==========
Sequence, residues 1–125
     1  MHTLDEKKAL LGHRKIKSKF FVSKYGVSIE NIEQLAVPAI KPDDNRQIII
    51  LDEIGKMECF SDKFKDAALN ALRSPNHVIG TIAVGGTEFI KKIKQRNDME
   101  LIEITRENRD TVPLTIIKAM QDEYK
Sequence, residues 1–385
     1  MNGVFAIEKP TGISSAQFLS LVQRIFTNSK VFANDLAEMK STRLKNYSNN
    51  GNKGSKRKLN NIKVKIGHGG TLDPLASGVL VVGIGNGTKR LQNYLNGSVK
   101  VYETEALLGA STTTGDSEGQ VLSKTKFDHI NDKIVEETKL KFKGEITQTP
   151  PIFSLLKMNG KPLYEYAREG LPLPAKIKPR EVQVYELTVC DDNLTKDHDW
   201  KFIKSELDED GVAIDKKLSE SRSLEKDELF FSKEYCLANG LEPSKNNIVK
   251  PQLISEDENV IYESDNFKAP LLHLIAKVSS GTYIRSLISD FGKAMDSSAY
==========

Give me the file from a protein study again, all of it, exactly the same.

Sequence, residues 1–125
     1  MHTLDEKKAL LGHRKIKSKF FVSKYGVSIE NIEQLAVPAI KPDDNRQIII
    51  LDEIGKMECF SDKFKDAALN ALRSPNHVIG TIAVGGTEFI KKIKQRNDME
   101  LIEITRENRD TVPLTIIKAM QDEYK
Sequence, residues 1–385
     1  MNGVFAIEKP TGISSAQFLS LVQRIFTNSK VFANDLAEMK STRLKNYSNN
    51  GNKGSKRKLN NIKVKIGHGG TLDPLASGVL VVGIGNGTKR LQNYLNGSVK
   101  VYETEALLGA STTTGDSEGQ VLSKTKFDHI NDKIVEETKL KFKGEITQTP
   151  PIFSLLKMNG KPLYEYAREG LPLPAKIKPR EVQVYELTVC DDNLTKDHDW
   201  KFIKSELDED GVAIDKKLSE SRSLEKDELF FSKEYCLANG LEPSKNNIVK
   251  PQLISEDENV IYESDNFKAP LLHLIAKVSS GTYIRSLISD FGKAMDSSAY